According to a recent study by researchers from the University of Oxford and the University of Southern California, there is a correlation between frequent use of high-fructose corn syrup and higher rates of type 2 diabetes. The findings were published online in Global Public Health (doi:10.1080/17441692.2012.736257).
Analyzing data on HFCS availability in 42 countries, the researchers found an 8% rate of diabetes in countries where use of the sweetener is high versus a 6.7% rate in countries where it is not used.
The U.S. has the highest consumption rate of HFCS, with 55 pounds ingested per person per year, followed by Hungary with 46 pounds per capita. The U.K., with only 1.1 pounds per person, is one of the lowest consumers of HFCS.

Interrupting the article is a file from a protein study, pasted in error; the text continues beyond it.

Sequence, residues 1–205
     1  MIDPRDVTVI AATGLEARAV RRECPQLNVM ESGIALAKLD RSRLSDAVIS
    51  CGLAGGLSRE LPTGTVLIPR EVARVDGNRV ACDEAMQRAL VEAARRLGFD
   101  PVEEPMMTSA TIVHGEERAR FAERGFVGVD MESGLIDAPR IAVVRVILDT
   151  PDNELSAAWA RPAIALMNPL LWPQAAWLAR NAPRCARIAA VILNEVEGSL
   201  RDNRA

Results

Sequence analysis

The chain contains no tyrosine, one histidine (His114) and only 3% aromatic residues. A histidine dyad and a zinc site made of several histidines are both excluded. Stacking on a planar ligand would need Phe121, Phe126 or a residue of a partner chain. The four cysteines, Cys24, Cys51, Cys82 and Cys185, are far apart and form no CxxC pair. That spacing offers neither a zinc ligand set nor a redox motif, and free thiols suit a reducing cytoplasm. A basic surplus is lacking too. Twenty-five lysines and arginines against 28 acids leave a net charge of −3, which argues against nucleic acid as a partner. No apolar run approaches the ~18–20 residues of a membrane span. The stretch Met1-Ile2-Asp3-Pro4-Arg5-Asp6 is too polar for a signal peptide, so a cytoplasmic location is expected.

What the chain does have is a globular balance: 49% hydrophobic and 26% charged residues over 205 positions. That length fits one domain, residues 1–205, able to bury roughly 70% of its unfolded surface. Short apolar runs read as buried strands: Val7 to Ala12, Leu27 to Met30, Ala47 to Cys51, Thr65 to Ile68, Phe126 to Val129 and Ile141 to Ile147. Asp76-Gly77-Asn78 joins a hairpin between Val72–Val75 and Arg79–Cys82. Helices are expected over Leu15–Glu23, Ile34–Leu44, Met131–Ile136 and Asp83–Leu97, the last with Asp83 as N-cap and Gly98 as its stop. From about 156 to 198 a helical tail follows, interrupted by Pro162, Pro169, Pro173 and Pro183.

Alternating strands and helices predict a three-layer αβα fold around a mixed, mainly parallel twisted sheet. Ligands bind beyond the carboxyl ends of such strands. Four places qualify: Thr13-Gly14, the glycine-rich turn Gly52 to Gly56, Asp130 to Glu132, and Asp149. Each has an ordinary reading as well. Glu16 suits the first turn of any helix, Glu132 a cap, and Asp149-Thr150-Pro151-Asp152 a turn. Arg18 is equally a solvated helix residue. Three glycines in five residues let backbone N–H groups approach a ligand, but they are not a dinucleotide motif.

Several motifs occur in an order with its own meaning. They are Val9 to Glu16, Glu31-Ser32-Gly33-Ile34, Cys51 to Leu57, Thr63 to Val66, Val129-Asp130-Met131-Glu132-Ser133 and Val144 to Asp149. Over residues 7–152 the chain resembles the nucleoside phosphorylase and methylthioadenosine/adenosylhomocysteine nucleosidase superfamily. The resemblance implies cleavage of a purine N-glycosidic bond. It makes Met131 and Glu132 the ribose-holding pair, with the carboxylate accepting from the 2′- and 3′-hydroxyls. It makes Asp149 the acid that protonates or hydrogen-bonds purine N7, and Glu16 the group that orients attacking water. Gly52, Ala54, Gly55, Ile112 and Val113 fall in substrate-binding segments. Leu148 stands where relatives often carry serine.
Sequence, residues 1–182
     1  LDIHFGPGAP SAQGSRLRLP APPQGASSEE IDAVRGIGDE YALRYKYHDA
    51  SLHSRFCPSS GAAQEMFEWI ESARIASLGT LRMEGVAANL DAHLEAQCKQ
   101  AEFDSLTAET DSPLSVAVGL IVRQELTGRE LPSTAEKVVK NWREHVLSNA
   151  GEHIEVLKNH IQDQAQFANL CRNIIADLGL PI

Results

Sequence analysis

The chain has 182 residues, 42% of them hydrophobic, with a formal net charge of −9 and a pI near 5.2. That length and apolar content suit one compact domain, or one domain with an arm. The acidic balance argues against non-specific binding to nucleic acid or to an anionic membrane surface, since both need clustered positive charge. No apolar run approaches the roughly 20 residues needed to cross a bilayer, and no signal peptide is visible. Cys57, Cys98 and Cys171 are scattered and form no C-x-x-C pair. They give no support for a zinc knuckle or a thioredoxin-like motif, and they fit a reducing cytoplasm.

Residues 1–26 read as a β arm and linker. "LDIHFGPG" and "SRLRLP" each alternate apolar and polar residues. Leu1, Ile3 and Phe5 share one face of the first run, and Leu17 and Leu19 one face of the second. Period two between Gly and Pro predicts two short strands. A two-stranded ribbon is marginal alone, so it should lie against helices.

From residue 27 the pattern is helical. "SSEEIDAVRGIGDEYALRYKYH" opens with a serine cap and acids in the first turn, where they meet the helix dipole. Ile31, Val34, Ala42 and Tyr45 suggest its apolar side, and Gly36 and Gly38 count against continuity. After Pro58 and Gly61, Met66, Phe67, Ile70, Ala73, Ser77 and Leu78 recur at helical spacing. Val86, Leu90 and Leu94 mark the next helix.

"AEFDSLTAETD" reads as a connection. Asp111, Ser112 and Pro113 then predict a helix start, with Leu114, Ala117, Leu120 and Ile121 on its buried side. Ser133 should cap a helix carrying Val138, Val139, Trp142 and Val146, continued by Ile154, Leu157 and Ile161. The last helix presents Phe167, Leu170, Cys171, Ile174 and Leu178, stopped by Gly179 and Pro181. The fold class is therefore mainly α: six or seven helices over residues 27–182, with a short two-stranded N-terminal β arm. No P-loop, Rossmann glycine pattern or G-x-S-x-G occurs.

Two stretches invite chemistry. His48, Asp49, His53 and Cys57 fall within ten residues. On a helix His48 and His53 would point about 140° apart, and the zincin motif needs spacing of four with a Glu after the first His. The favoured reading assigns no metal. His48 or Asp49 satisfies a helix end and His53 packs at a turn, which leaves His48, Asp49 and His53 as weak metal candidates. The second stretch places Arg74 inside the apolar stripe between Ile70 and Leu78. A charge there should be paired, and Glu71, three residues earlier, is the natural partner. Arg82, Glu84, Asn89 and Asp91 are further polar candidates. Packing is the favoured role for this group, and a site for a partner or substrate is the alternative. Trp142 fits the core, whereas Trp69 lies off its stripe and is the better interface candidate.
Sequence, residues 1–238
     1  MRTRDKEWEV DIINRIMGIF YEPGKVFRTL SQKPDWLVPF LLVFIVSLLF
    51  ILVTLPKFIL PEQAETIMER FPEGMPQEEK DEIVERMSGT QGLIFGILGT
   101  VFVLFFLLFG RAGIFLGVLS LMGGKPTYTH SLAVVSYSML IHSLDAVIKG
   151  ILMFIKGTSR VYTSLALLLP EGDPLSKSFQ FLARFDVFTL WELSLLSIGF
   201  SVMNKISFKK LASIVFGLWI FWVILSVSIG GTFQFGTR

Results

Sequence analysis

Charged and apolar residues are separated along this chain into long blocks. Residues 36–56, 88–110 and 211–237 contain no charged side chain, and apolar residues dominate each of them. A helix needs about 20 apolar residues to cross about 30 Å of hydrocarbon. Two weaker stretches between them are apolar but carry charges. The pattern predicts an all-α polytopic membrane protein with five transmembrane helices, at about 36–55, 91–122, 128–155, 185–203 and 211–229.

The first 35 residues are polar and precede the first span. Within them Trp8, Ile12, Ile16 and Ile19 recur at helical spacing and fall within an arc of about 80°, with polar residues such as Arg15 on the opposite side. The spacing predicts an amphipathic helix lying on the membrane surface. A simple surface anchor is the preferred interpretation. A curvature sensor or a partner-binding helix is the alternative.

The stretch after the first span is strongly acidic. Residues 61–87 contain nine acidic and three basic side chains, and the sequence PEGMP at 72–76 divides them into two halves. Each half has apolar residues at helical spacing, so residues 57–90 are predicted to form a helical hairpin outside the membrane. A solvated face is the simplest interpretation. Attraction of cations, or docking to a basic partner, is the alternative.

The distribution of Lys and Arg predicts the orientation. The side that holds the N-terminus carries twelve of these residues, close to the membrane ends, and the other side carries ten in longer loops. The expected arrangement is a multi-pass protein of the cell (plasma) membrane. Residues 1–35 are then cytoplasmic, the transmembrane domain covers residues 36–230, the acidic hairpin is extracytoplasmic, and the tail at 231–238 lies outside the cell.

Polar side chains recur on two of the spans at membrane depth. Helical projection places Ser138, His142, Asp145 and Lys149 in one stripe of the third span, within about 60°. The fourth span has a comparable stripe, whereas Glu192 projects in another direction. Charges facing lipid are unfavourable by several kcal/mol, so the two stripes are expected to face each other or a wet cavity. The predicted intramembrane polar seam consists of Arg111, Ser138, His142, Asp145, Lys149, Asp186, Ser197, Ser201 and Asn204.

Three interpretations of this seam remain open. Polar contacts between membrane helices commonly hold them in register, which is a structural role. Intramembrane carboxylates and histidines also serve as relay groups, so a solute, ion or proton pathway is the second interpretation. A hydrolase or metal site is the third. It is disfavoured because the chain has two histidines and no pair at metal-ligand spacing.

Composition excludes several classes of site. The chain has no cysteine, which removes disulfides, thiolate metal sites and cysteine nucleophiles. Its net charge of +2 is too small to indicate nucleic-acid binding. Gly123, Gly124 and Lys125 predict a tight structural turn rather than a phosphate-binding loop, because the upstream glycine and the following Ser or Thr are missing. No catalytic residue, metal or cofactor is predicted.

By the end of the 20th century, 40% of all caloric sweeteners in the U.S. were HFCS, with most of that going to soft drinks.
According to one of the study leaders, Stanley Ulijaszek, director of the Institute of Social and Cultural Anthropology at the University of Oxford, “Most populations have an almost insatiable appetite for sweet foods, but regrettably our metabolism has not evolved sufficiently to be able to process the fructose from high fructose corn syrup in the quantities that some people are consuming it.”